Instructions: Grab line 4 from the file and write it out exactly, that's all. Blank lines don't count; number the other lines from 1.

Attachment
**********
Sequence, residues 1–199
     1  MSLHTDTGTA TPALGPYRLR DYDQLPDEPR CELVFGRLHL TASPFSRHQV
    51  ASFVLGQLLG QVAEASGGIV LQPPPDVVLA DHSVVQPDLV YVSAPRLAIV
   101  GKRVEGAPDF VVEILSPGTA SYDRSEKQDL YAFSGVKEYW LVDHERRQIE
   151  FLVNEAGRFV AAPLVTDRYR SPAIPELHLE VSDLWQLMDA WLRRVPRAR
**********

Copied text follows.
   101  GKRVEGAPDF VVEILSPGTA SYDRSEKQDL YAFSGVKEYW LVDHERRQIE